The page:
Ah! An update! PDF 
Thursday, 04 March 2010 14:32

Now here's a thing - an actual update! It's ironic that I spend a lot of my time at work explaining to Headteachers how important it is to ensure that their websites stay active, and are updated on at least a weekly basis, when my very own site has stagnated for quite some time and all sorts of stuff has happened.


Having completed Tom, Dick and Harry, I auditioned for the role of "Villiany" in the Priory Theatre's production of "Sinbad the Sailor". I think the picture says it all:



It was one hell of a run (3 weeks solid) but i had an enormous amount of fun, and am hoping to get hold of the video to see myself in action.


Next on the list? I'm auditioning on Sunday for the role of "Rafe" in "The Herbal Bed" for the Criterion Theatre. It's a proper thriller/drama and I am truly hopeful of getting the role and really getting stuck into something chewy :) There's even a fight scene (and a sex scene!). What more could a guy want? A purple sash would be nice again...


My on stage debut approaches... PDF 
Tuesday, 16 June 2009 09:49



Well, there's no going back now - three nights are sold out, and I'm starting to sound like an advert for comparethemeerkat.com. Click on the pic to get tickets booked!


Tom, Dick and Harry runs from Wednesday 2nd September to Saturday 12th September at the Priory Theatre, Kenilworth.



Short story contribution... PDF 
Tuesday, 07 April 2009 08:44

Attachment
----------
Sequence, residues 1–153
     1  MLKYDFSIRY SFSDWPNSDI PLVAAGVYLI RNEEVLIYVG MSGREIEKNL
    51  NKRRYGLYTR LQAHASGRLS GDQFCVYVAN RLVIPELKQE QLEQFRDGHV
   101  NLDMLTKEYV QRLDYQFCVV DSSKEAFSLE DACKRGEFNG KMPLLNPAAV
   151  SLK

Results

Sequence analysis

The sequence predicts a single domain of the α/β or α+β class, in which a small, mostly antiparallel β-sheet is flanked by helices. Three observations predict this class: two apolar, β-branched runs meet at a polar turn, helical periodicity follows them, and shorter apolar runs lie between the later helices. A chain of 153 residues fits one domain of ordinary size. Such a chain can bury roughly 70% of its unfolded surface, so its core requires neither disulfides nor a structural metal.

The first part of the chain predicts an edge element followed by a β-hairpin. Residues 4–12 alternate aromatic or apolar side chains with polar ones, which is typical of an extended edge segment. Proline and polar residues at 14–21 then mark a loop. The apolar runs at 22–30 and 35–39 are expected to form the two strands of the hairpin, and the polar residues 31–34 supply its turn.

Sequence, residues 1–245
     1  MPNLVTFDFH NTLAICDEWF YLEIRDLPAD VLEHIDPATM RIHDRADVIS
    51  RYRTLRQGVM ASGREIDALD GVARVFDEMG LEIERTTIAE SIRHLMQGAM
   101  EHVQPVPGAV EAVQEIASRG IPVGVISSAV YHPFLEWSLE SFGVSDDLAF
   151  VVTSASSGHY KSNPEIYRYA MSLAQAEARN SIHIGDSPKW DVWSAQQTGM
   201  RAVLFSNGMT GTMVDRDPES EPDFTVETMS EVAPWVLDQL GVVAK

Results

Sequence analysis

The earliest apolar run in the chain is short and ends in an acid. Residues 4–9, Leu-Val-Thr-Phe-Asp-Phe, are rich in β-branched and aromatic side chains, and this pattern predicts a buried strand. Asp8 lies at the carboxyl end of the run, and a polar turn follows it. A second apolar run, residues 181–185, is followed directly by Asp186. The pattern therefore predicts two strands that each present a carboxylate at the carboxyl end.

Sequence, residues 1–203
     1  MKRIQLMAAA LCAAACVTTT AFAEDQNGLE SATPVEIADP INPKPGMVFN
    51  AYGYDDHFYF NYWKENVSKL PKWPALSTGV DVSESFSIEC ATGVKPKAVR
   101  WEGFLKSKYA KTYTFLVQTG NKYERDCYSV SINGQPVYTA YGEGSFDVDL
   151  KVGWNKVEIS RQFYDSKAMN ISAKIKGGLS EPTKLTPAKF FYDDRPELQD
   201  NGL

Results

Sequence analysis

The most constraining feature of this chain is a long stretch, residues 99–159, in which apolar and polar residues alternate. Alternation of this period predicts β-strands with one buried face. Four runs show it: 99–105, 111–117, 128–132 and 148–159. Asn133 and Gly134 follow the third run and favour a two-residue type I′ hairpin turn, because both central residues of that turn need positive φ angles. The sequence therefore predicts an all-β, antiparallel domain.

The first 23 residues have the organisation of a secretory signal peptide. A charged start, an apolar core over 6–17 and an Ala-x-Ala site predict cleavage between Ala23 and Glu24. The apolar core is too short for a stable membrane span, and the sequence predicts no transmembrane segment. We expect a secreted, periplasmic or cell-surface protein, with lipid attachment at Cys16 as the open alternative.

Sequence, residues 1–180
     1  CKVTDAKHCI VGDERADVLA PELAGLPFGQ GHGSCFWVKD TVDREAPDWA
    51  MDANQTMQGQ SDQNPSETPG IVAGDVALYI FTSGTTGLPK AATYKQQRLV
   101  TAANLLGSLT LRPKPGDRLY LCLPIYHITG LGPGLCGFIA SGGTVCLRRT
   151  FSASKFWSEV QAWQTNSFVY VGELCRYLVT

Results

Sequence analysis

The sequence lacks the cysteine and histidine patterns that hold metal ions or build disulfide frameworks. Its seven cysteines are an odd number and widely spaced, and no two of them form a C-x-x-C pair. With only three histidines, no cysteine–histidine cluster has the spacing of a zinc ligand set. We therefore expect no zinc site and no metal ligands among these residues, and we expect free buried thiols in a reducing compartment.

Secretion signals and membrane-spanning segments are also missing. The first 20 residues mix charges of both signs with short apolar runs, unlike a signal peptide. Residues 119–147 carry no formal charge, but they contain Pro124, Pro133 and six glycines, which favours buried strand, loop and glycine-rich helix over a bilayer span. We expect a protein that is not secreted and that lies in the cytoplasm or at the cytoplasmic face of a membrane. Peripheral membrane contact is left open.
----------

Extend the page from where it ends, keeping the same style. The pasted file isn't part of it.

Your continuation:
7-writers_handsOver on Newbie Writers, the forum has just begun a joint short story. I was excited by the prospect of collaborating with much more established writers, and was even more excited to see I was listed as second in a list of eleven in the running order for the story! The editor, Dawn Copeman, began the story and I've just published my section. I'm actually pretty happy with it, considering I only had a week to do it and that week has been full of other stuff. So I present - my bit of the story. Pop over the the Newbie Writers forum if you want to catch up completely, or my section sparks your interest. As always, criticism is encouraged!

The following morning, Sara was penitent with Louis and Jacob. Some years ago she had come to accept that, despite losing her faith when Lizzy left, she still had an innate need to atone for her sins. Maple syrup flowed down the stack of buttermilk pancakes Sara had placed on her best oval display platter in the centre of the kitchen table, next to the jug of orange juice she’d poured earlier to make sure it wasn’t too cold from the fridge. She knew very well that her sons would barely remember the incident from last night, let alone appreciate the gesture she was making, but nevertheless she had taken great care and time to ensure their favourite breakfast was ready for them before school.